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“The doorbell rang,” J. Carter Brown remembered about the 1940s.. “The maid went to the front door, unlocking it with a majestically scaled key. It was Pa!” Carter’s Pa, John Nicholas Brown II, stood nearly 6 foot 7 inches. He probably felt right at home in the scale of this space, but for the rest of us, entering the front hallway immediately establishes the grand scale of the Nightingale-Brown House. If you stand with your arms out in the center of the hall, you won’t touch the sides. Why such a big hall? Indeed, why have a hall at all? Where did this type of space originate?

In medieval England, the hall was the entire house, the only room, and where the household ate, drank, and slept. The hall as multipurpose space lived on in English Georgian country houses of the 18th century, which used their grand halls for balls and dinner parties with hundreds of guests. In American middle class homes, the hall shrank, and became a place to pass through on your way to other rooms.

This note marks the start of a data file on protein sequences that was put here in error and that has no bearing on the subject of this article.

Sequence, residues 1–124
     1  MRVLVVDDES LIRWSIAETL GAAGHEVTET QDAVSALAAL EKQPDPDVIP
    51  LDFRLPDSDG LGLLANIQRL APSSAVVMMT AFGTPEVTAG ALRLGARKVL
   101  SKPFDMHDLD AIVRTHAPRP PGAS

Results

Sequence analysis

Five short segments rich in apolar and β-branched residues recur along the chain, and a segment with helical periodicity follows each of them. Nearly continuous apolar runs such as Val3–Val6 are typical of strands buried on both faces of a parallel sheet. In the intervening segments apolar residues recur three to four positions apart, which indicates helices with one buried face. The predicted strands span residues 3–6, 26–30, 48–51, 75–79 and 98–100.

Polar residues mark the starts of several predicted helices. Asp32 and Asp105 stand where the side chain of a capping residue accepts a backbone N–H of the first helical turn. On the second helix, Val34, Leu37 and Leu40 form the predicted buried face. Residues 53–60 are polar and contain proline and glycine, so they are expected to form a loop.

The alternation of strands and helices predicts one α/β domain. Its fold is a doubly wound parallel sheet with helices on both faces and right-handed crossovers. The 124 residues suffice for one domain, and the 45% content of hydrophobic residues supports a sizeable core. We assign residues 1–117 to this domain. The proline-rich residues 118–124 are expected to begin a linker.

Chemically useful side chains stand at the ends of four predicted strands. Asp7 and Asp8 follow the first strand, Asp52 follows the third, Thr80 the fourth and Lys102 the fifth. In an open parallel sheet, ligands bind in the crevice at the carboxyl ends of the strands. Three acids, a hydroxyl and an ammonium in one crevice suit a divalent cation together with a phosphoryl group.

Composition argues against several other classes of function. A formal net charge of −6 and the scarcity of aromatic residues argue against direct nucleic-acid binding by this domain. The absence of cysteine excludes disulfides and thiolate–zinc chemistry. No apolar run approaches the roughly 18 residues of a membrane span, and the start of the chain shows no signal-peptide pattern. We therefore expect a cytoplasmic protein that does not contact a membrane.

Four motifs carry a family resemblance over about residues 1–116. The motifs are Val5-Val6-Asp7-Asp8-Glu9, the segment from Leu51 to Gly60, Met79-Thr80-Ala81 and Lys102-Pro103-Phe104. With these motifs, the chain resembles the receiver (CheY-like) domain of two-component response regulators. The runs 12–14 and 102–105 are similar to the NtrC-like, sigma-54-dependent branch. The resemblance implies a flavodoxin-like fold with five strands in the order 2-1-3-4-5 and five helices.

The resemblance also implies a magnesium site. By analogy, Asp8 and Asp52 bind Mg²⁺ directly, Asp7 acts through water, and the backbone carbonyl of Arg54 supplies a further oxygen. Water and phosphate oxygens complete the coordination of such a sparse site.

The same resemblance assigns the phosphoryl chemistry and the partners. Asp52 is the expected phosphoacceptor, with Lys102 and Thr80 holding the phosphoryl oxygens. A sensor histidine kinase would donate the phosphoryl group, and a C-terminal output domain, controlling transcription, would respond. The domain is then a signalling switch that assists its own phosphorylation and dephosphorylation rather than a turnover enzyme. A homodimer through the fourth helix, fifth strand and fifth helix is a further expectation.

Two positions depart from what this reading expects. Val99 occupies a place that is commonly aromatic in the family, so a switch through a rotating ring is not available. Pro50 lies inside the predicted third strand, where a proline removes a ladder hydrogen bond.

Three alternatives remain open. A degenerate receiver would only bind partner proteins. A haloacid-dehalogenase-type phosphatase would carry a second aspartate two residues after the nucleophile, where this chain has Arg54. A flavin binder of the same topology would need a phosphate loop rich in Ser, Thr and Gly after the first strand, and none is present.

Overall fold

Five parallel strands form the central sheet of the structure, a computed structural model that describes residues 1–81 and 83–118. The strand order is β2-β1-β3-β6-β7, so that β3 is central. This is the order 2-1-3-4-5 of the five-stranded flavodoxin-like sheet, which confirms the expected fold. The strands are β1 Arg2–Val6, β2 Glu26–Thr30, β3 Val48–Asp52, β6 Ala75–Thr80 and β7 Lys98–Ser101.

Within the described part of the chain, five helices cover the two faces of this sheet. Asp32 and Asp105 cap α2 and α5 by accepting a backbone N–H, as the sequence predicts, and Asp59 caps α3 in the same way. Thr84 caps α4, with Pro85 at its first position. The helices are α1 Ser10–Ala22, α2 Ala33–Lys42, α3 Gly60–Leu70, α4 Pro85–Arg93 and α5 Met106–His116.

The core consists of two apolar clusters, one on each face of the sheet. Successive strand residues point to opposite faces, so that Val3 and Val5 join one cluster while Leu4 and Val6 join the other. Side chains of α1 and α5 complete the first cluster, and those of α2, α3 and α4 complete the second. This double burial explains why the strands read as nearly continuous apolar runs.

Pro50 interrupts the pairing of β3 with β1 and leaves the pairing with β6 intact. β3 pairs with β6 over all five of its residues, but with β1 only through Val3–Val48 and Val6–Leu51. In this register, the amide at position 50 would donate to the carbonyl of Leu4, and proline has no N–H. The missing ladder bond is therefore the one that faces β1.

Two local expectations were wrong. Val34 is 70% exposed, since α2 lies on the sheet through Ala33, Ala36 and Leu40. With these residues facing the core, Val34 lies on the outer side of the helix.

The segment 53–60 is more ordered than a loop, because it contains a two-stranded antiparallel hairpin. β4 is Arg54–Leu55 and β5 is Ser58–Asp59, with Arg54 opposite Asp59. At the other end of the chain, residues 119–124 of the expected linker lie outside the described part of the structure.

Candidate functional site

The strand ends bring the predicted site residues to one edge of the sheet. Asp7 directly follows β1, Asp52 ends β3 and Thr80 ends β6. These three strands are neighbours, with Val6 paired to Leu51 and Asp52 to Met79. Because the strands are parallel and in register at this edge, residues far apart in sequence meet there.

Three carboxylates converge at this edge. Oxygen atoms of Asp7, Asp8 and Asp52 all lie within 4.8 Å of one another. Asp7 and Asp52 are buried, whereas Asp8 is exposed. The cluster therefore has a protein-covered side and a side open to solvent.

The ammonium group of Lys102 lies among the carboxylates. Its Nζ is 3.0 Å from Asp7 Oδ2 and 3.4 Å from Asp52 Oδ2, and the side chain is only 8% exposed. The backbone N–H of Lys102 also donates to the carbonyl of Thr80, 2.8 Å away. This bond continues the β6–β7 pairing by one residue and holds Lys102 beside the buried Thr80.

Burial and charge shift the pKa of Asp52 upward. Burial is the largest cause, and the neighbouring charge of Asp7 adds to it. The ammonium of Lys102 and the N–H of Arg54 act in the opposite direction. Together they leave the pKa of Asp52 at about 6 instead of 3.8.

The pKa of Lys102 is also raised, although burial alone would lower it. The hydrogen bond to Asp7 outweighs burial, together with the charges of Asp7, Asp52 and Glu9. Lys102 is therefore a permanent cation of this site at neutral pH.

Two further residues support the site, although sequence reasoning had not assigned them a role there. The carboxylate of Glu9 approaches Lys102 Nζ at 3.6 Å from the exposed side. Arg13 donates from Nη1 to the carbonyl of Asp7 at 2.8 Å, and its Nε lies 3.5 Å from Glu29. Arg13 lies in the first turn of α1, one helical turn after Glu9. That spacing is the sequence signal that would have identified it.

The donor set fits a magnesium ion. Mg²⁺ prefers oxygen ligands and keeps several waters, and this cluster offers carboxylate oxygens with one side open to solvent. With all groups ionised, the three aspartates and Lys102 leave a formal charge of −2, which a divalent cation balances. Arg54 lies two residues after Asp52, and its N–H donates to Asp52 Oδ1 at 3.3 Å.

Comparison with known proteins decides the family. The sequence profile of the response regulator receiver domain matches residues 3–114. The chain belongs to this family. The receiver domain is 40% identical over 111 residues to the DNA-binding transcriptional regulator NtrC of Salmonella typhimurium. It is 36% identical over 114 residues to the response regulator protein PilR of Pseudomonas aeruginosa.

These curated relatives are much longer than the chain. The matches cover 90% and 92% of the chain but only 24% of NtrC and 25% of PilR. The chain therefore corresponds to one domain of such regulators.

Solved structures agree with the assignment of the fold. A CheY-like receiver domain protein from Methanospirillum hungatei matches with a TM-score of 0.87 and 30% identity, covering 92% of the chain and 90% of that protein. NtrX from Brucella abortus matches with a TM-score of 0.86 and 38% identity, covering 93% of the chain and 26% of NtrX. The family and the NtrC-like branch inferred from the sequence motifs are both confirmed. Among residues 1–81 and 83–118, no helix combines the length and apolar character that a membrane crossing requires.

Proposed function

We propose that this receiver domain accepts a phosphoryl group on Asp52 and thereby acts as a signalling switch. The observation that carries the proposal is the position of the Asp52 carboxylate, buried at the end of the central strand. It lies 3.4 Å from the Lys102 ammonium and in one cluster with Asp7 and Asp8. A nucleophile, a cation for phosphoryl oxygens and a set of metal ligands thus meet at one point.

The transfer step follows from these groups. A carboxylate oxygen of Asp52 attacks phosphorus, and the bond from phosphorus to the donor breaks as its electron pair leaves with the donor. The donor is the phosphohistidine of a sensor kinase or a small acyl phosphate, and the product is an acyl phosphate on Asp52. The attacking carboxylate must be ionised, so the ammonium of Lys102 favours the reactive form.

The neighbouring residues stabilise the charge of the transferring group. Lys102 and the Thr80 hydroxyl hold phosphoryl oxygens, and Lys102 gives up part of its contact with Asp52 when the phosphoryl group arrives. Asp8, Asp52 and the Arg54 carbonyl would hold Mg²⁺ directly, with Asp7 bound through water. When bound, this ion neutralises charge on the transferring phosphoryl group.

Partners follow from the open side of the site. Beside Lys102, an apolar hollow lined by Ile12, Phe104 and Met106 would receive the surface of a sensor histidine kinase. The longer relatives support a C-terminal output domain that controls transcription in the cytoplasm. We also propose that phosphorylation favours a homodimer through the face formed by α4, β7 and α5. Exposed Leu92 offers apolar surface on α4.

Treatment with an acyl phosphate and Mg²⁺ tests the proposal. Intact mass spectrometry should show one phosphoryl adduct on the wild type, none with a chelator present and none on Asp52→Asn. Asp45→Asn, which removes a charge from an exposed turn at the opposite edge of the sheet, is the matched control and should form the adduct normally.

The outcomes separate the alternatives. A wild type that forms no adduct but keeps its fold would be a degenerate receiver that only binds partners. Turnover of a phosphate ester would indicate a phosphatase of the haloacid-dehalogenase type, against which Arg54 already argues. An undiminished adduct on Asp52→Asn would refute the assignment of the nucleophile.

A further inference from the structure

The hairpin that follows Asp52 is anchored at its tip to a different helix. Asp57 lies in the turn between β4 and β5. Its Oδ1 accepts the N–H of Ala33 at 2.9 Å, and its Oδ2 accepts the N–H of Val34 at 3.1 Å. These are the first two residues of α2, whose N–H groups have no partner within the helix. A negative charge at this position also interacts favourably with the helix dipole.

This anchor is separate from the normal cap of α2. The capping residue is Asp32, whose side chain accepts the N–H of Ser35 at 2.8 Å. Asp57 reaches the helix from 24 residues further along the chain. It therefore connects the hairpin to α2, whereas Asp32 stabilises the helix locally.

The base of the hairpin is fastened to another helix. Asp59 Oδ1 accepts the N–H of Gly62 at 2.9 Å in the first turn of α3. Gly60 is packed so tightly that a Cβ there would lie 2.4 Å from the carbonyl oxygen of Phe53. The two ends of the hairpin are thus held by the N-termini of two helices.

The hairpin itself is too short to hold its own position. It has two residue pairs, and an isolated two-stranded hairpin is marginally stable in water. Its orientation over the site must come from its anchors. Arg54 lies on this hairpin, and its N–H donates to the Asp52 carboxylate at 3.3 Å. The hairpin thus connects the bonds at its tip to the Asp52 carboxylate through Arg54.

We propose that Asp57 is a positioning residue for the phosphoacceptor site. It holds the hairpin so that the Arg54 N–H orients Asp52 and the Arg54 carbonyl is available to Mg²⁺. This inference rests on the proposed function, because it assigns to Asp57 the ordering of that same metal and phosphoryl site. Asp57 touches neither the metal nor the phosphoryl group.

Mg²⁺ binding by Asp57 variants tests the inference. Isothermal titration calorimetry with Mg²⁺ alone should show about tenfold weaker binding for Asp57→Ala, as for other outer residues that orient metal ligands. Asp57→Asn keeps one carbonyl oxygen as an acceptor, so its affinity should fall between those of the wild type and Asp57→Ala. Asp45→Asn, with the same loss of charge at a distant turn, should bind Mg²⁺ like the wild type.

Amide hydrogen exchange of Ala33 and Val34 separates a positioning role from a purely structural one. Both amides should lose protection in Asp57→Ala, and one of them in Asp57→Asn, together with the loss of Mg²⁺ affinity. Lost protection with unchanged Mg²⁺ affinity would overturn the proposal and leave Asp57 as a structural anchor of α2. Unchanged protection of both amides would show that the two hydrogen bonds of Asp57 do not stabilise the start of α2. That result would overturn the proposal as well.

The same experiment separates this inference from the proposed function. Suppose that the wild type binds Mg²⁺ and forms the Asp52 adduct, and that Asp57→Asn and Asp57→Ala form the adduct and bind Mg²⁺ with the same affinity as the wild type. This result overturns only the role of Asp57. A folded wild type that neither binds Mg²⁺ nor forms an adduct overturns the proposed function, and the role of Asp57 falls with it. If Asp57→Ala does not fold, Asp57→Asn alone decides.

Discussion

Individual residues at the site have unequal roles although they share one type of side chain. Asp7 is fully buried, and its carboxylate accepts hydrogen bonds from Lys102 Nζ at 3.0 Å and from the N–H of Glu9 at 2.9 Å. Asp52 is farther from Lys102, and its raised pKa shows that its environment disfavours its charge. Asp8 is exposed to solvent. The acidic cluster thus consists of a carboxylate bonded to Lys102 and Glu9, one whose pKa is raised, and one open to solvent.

This house was built during the transition from halls to a hallways. It retains some of the character of the hall as party space and some as pass through space. The original Nightingales and the Browns lived on a grand scale. Little did the 18th century builders know that, a century later, a real life giant would be coming home to their hall.

Lena Bohman

Lena Bohman, Brown University, American Studies, BA 2018